OEBPS 1.2 Publication:
Great Expectations.opf
cover.html
chapters/
   chapter01.html
   chapter02.html
   … other HTML files for the remaining chapters

The contents of the Abstract Container includes all of the assets from the Publication, plus a small number of files defined by OCF within the META-INF directory. Note that container.xml is REQUIRED in all circumstances. See Section 3 for descriptions of the files within the META-INF directory.

Abstract Container:
META-INF/
   container.xml
   [manifest.xml]
   [metadata.xml]
   [signatures.xml]
   [encryption.xml]
   [rights.xml]
OEBPS/
   Great Expectations.opf
   cover.html
   chapters/
      chapter01.html
      chapter02.html
      … other HTML files for the remaining chapters …

When the above abstract container is mapped to a File System Container, the directory structure within the file system exactly matches the OCF’s Abstract Container directory structure shown above:

File System Container: some directory within the file system…/
   META-INF/
      container.xml
      [manifest.xml]
      [metadata.xml]
      [signatures.xml]
      [encryption.xml]
      [rights.xml]
   OEBPS/
      Great Expectations.opf
      cover.html
      chapters/
         chapter01.html
         chapter02.html
         … other HTML files for the remaining chapters …>

When the above Abstract Container is stored within a ZIP container, the contents of the ZIP archive will match the directory structure shown above, but MUST also contain a “mimetype” file as the first file in the ZIP archive to aid in the easy identification of the media type of the container. (See section 3.4.)

ZIP Container:
mimetype
META-INF/
   container.xml
   [manifest.xml]
   [metadata.xml]
   [signatures.xml]
   [encryption.xml]
   [rights.xml]
OEBPS/
   Great Expectations.opf
   cover.html
   chapters/
      chapter01.html
      chapter02.html
      … other HTML files for the remaining chapters

The corresponding META-INF/container.xml file might appear as follows:

<?xml version="1.0"?>
<container version="1.0" xmlns="urn:oasis:names:tc:opendocument:xmlns:container">
  <rootfiles>
    <rootfile full-path="OEBPS/Great Expectations.opf"
              media-type="application/oebps-package+xml" />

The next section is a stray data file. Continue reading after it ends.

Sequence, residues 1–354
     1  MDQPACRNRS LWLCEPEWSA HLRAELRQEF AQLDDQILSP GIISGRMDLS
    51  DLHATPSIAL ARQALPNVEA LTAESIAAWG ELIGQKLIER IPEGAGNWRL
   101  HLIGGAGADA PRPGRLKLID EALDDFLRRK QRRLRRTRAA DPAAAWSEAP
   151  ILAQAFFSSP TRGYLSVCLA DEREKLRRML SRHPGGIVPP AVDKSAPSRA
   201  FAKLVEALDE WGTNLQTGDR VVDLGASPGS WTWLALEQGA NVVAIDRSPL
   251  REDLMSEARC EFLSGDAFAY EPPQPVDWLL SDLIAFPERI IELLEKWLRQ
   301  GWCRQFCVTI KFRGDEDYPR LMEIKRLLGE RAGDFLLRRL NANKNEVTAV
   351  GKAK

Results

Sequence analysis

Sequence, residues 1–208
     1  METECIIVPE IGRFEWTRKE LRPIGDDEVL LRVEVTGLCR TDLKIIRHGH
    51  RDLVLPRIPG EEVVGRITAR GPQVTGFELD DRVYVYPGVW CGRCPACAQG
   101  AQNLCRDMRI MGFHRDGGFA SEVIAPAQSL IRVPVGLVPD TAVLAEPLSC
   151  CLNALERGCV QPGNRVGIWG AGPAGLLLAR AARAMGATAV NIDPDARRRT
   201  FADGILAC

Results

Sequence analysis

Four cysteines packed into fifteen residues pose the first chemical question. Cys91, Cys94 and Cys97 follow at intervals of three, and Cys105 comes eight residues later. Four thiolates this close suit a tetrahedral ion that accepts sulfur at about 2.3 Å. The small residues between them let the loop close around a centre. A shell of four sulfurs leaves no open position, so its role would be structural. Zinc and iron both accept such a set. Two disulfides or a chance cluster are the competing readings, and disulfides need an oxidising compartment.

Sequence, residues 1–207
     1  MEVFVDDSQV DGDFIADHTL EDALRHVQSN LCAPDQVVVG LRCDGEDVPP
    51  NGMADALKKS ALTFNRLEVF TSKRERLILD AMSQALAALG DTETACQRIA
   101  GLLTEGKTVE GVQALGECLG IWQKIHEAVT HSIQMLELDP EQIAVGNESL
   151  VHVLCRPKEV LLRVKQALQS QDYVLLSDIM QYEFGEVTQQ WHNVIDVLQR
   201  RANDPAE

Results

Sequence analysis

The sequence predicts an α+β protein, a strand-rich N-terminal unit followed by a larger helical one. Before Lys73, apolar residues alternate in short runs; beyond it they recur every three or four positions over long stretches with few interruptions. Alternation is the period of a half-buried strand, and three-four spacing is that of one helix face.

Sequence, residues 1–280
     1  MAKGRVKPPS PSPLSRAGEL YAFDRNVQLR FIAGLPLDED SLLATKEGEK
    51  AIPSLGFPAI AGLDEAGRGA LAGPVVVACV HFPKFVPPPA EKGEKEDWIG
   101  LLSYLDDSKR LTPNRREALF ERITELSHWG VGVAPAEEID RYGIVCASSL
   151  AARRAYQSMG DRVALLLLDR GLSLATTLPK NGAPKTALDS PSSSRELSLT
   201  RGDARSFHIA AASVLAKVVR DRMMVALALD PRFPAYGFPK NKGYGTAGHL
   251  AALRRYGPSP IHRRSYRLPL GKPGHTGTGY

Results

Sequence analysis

</rootfiles>
</container>

N.B. The use of the specific namespace string “urn:oasis:names:tc:opendocument:xmlns:container” should be considered provisional until approved by an OASIS technical committee.

2.3.2 Example: alternate renditions

In some circumstances, an OCF container might hold multiple renditions of the same publication. An example is a container that has an OEBPS Publication as the primary rendition for viewing but includes an alternate PDF for printing. To avoid name conflicts, it is RECOMMENDED that each rendition be placed within its own subdirectory and that multiple <rootfile> elements be defined within container.xml. Here is an example:

Abstract Container:
META-INF/
   container.xml – Note: includes multiple <rootfile> elements
   [manifest.xml]
   [metadata.xml]
   [signatures.xml]
   [encryption.xml]
   [rights.xml]
OEBPS/
   Great Expectations.opf
   cover.html
   chapters/
      chapter01.html
      chapter02.html
      … other HTML files for the remaining chapters …
PDF/
   Great Expectations.pdf

The corresponding META-INF/container.xml file might appear as follows:

<?xml version="1.0"?>
<container version="1.0" xmlns="urn:oasis:names:tc:opendocument:xmlns:container">
  <rootfiles>
    <rootfile full-path="OEBPS/Great Expectations.opf"
              media-type="application/oebps-package+xml" />
    <rootfile full-path="PDF/Great Expectations.pdf"
              media-type="application/pdf" />
  </rootfiles>
</container>

3 OCF Container Contents

3.1 File and directory structure

The virtual file system for the OCF “Abstract Container” MUST have a single common root directory for all of the contents of the container.

The following file names in the root directory are reserved: